Many of my political views do indeed have some very liberal stances–but not all of them do.  To dismiss me as entirely liberal shows some of that lazy thinking thing I just talked about.  If one was interested in compromise, he or she would miss the chance to find our common ground.  All because of using adjectives as an absolute title, and placing far too much of one’s sense of identity upon them.

Feminism.  Now that’s an interesting one.  I think many people on both sides of the fence confuse “feminism” with “misandry.”  Words matter.  If I identify as anything at all–and you’re backing me into a corner here–I’m a humanist.  Feminists shouldn’t have a problem with that, since when it comes to feminine rights and respectful, equal treatment, we hold identical goals.  I also hold great concern over toxic masculinity, forced gender roles, and racism, all of which affect both sexes.  In my view, there’s a lot of overlap.  Hell, most feminists I know are also humanists.  You can play quite a shell game with labels, can’t you?  That’s the trouble with them.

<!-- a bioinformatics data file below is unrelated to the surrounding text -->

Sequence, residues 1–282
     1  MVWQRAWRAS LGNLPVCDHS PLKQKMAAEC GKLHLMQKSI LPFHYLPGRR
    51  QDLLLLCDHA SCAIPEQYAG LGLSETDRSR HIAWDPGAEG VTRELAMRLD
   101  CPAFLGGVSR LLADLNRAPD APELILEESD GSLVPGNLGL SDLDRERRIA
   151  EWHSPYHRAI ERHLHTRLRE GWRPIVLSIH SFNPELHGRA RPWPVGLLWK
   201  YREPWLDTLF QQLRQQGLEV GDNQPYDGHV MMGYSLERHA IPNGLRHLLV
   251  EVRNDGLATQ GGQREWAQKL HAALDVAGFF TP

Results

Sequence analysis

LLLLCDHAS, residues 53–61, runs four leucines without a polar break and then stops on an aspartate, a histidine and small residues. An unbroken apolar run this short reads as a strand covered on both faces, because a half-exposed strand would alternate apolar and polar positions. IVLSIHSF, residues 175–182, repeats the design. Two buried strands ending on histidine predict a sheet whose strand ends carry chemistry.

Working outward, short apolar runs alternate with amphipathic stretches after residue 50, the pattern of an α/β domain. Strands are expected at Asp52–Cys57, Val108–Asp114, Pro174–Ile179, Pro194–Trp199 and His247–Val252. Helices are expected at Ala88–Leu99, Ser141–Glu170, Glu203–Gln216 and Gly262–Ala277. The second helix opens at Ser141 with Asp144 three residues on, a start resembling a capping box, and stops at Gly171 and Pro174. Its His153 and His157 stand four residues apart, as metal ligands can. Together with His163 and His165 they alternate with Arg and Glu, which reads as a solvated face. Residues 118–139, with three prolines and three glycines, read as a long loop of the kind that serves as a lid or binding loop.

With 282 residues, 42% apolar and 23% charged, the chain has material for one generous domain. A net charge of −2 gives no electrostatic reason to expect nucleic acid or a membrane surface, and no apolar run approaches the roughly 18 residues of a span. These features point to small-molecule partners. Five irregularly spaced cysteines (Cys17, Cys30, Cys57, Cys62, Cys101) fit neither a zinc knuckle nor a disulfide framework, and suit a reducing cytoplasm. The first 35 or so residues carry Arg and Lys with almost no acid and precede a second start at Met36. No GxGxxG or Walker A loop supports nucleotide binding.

Especially when what we’re really arguing about is morality.  That’s scary and dangerous stuff, folks.

By all means, continue to attack the actions and statements you feel passionately against.  Freedom of speech means nothing when you feel restricted from speaking your mind–in fact, that’s the very time this freedom is needed the most.  Hold people accountable for what they say and what they do.  Drive home what you find is wrong with what they are doing.  Do not, however, lump a mass of people into an entire identical group–especially if you have to change word usage to do so.  Single them out by the property you disagree with.  Single out their ideas and their actions.  You’ll find that some members of their “group” fall away because they never belonged there in the first place.  People you otherwise may have seen as enemies might turn out to be allies to unite against the very thing toward which you’re objecting.  It sounds crazy, but it’s true.